This weekend one of the most controversial rugby series comes to a close and it couldn’t be more exciting if it was a movie script.
All four teams, Argentina, Australia, New Zealand and South Africa, can statistically still win the Rugby Championship. And all four teams have had their ups and downs so far. It will always be a joy to remember Canan Moodie jumping to snatch the ball away from Marika Koroibete’s grasping hands and scoring a runaway try.
Who can forget Eben Etzebeth making devil-eyes at Allan Ala’alatoa, Faf de Klerk rearranging Nic White’s moustache, Makazole Mapimpi organising Koroibete’s beard? Sadly, we remember Michael Hooper’s decision to come home, and not so sadly we remember Elton Jantjies’ decision to leave the team with a bang (so to speak).
Was Michael Foley the flyhalf of the championship or was he the clown who cost Australia a famous victory?
And how fate has dealt Springbok fans an unfair blow! Do you cheer or groan when your mother-in-law drives your brand new car over a cliff? If Nic White guides Australia to victory over New Zealand will we cheer or groan?
It is hard to imagine Australia beating the All Blacks at Eden Park but a Wallaby victory would certainly help the Springbok cause. However, if the Kiwis win with a bonus point, that will make the South African challenge somewhat more daunting. And it is good to remember that Argentina never runs onto a rugby field to lose.
Either way, as the game in New Zealand happens some eight hours before the game in Durban, the task will be clearly defined for the Boks.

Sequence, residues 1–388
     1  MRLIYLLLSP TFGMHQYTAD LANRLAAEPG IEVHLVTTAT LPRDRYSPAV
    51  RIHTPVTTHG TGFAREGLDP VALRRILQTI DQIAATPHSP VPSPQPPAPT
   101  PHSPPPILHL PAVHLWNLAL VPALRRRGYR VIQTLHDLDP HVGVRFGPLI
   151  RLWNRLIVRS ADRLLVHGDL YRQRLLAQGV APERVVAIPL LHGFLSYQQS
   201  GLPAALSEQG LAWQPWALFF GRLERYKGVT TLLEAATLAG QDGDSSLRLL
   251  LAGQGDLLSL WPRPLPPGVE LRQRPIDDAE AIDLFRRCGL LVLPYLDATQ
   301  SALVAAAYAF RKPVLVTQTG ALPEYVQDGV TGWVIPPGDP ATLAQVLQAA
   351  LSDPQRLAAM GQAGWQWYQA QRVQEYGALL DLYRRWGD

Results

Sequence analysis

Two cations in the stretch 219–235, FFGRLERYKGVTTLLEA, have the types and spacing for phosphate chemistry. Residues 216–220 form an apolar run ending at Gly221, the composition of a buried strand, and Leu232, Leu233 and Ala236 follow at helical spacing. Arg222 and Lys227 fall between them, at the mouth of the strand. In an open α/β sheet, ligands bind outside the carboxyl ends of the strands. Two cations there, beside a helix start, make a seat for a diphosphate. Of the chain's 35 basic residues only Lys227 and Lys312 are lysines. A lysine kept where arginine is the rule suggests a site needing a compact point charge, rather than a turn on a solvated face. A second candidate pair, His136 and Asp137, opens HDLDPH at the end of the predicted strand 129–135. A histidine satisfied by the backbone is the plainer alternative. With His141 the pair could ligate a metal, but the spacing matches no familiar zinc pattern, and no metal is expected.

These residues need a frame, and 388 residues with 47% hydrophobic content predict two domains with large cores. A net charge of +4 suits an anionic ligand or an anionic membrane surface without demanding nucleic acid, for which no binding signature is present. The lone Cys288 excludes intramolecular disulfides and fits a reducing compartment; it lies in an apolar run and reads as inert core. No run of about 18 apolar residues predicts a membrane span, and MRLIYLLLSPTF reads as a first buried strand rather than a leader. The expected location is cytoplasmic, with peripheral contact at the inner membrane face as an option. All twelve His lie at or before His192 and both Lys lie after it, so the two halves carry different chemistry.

As things stand at the moment the only difference on the scoreboard between South Africa and New Zealand is in the points difference, where the Kiwis have a 13 point advantage.
Jacques Nienaber has already said that his team is training for a bonus point victory – which means they must win by three tries more than Argentina and score 13 points more than the All Blacks score against Australia.
Whatever the permutations, South Africa is in it with a real chance – very possibly even as favourites.
Nienaber has gotten away with a few “interesting” decisions. He insisted on a 6/2 split on the reserve bench that blew up in his face – twice. He got away with Joseph Dweba in the run-on team – twice. Damian Willemse’s injury has left a huge gap. Is the coach going to get away with demeaning the position of fly-half?
The one thing about Frans Steyn at flyhalf that is a major, possibly decisive factor, is that he won’t panic. Bank on him to play the very best game he can. Whether that will be good enough remains to be seen.
Of course, anybody who watched the Pumas-Springboks game until the end with Steyn’s conversion kick right from the touchline, the ball gaining altitude as it sailed through the uprights, will once again have marvelled at that man’s ability to kick the ball. It may just make a difference on Saturday.
But what if Steyn has to be replaced? It doesn’t matter how often you check the list of the reserves, there is not a single flyhalf there. Not one.
Yet, Nienaber laughs it off. During the week he again referred to Faf de Klerk as “somebody who can play flyhalf”. Yes, we know that. Faf can and does play every single position including referee, and all in the same match. But he is not a flyhalf. Jacques Nienaber, you have gambled again, and we all hope it works. There’s a lot at stake.
New Zealand vs Australia in Auckland, 9.05am SA time. South Africa vs Argentina in Durban, 17.05pm SA time.
Image source: @SaRugbyMagazine